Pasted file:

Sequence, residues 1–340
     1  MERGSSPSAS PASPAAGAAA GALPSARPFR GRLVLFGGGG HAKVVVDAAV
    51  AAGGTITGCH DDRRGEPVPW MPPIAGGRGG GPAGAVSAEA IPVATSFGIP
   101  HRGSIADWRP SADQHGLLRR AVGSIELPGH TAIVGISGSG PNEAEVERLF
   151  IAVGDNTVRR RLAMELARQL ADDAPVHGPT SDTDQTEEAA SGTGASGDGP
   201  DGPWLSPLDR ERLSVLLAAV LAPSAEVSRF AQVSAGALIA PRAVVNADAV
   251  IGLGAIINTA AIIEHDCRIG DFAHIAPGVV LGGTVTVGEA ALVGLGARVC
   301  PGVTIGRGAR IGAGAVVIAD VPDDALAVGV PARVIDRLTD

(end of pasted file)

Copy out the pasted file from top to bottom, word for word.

Sequence, residues 1–340
     1  MERGSSPSAS PASPAAGAAA GALPSARPFR GRLVLFGGGG HAKVVVDAAV
    51  AAGGTITGCH DDRRGEPVPW MPPIAGGRGG GPAGAVSAEA IPVATSFGIP
   101  HRGSIADWRP SADQHGLLRR AVGSIELPGH TAIVGISGSG PNEAEVERLF
   151  IAVGDNTVRR RLAMELARQL ADDAPVHGPT SDTDQTEEAA SGTGASGDGP
   201  DGPWLSPLDR ERLSVLLAAV LAPSAEVSRF AQVSAGALIA PRAVVNADAV
   251  IGLGAIINTA AIIEHDCRIG DFAHIAPGVV LGGTVTVGEA ALVGLGARVC
   301  PGVTIGRGAR IGAGAVVIAD VPDDALAVGV PARVIDRLTD